Format

Send to

Choose Destination
Glob Chang Biol. 2018 Nov 9. doi: 10.1111/gcb.14515. [Epub ahead of print]

Soil aggregates as biogeochemical reactors and implications for soil-atmosphere exchange of greenhouse gases-A concept.

Author information

1
Department of Ecology and Evolutionary Biology, University of California, Irvine, California.
2
Department of Environmental Sciences, University of Virginia, Charlottesville, Virginia.
3
Smithsonian Environmental Research Center, Edgewater, Maryland.
4
Department of Earth System Science, University of California, Irvine, California.

Abstract

Soil-atmosphere exchange significantly influences the global atmospheric abundances of carbon dioxide (CO2 ), methane (CH4 ), and nitrous oxide (N2 O). These greenhouse gases (GHGs) have been extensively studied at the soil profile level and extrapolated to coarser scales (regional and global). However, finer scale studies of soil aggregation have not received much attention, even though elucidating the GHG activities at the full spectrum of scales rather than just coarse levels is essential for reducing the large uncertainties in the current atmospheric budgets of these gases. Through synthesizing relevant studies, we propose that aggregates, as relatively separate micro-environments embedded in a complex soil matrix, can be viewed as biogeochemical reactors of GHGs. Aggregate reactivity is determined by both aggregate size (which determines the reactor size) and the bulk soil environment including both biotic and abiotic factors (which further influence the reaction conditions). With a systematic, dynamic view of the soil system, implications of aggregate reactors for soil-atmosphere GHG exchange are determined by both an individual reactor's reactivity and dynamics in aggregate size distributions. Emerging evidence supports the contention that aggregate reactors significantly influence soil-atmosphere GHG exchange and may have global implications for carbon and nitrogen cycling. In the context of increasingly frequent and severe disturbances, we advocate more analyses of GHG activities at the aggregate scale. To complement data on aggregate reactors, we suggest developing bottom-up aggregate-based models (ABMs) that apply a trait-based approach and incorporate soil system heterogeneity.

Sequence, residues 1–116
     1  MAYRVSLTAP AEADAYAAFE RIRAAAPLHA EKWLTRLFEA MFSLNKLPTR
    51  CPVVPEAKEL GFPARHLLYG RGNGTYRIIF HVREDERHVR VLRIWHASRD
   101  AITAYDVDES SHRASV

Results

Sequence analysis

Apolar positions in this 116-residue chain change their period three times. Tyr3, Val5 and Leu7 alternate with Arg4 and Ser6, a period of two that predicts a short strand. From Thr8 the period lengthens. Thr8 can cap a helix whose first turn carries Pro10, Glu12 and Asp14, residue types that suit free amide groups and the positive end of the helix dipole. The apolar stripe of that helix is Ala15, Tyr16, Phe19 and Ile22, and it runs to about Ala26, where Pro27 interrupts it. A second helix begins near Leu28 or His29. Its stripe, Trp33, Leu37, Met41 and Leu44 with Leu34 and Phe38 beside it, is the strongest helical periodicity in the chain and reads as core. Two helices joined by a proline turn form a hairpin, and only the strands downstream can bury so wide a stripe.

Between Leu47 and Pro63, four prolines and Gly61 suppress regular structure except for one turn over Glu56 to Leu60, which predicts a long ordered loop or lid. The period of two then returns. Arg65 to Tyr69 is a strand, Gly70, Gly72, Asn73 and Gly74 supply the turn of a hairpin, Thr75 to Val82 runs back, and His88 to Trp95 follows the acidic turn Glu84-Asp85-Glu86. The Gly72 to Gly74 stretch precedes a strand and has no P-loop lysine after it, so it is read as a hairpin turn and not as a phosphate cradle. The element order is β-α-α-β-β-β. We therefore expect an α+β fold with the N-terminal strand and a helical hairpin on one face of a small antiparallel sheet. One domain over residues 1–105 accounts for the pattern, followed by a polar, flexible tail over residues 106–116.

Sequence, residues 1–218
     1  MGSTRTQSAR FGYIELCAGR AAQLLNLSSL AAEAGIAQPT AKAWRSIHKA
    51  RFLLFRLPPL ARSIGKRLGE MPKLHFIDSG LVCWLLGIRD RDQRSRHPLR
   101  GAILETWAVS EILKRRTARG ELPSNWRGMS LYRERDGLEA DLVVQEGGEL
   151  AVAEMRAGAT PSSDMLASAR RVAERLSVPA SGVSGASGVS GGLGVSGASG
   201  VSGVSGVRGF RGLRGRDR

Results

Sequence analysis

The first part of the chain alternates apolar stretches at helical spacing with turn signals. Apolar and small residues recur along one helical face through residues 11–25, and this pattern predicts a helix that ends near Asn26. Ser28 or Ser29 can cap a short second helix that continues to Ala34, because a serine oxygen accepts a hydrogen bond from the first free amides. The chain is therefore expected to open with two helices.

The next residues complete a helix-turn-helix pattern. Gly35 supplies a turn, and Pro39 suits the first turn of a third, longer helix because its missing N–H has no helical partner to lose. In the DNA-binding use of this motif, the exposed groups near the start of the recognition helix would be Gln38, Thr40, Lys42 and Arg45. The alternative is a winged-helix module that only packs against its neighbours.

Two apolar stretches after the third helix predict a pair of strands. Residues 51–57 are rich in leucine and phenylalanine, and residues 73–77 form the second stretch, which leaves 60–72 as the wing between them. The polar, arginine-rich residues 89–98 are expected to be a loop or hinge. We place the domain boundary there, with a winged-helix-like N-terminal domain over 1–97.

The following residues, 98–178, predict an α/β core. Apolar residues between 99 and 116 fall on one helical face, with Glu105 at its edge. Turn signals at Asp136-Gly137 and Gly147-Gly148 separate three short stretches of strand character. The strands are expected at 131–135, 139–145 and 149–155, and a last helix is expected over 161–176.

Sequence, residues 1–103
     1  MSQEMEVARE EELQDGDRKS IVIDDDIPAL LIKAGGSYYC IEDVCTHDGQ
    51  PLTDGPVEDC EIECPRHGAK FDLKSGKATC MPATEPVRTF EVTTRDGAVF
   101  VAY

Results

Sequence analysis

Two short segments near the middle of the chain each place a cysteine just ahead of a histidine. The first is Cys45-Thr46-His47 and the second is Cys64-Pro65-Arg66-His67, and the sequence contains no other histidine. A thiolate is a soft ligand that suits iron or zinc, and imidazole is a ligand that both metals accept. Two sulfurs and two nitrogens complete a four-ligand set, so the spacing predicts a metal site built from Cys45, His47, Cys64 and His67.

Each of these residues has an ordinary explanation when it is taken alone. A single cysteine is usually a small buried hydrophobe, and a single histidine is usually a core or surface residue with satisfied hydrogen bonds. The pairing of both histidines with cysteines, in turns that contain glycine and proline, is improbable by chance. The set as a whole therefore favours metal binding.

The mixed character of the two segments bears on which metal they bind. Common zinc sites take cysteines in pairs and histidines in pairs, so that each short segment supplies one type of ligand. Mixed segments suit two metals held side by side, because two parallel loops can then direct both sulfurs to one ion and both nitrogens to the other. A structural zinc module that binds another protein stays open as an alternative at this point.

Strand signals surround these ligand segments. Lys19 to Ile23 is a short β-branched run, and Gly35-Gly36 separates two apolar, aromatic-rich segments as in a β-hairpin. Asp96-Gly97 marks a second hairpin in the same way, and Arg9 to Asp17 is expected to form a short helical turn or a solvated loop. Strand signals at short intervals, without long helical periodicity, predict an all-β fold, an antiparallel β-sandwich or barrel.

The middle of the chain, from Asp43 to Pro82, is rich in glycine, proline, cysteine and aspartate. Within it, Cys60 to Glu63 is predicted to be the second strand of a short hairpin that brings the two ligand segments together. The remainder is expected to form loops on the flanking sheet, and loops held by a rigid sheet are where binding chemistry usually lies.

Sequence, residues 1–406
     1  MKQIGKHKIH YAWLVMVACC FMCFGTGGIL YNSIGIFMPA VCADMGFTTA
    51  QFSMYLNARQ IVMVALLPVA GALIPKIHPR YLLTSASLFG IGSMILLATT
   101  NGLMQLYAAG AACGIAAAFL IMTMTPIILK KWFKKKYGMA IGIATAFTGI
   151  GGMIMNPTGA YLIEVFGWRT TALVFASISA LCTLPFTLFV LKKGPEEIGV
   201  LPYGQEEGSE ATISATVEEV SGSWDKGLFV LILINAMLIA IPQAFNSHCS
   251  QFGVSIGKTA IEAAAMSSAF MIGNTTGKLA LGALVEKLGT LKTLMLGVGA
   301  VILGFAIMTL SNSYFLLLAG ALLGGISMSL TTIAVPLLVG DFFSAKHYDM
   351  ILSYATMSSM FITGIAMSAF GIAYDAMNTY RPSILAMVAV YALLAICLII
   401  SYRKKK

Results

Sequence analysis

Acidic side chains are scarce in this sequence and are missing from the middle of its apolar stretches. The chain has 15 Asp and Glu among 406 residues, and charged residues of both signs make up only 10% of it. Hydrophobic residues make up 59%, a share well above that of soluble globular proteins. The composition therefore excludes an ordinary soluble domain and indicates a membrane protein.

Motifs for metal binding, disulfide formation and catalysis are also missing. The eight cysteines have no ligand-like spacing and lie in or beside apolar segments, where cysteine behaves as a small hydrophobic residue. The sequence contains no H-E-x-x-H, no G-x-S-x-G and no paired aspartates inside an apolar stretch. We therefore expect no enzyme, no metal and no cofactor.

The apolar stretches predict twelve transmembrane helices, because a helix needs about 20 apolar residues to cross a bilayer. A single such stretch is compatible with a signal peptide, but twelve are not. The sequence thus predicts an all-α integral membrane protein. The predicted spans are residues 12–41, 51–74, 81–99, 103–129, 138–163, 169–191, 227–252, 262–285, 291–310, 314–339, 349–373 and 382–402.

KEYWORDS:

aggregate reactor; aggregate-based model; greenhouse gas; individual-based model; microorganism; soil heterogeneity; soil organic matter

PMID:
30412646
DOI:
10.1111/gcb.14515

Supplemental Content

Full text links

Icon for Wiley
Loading ...
Support Center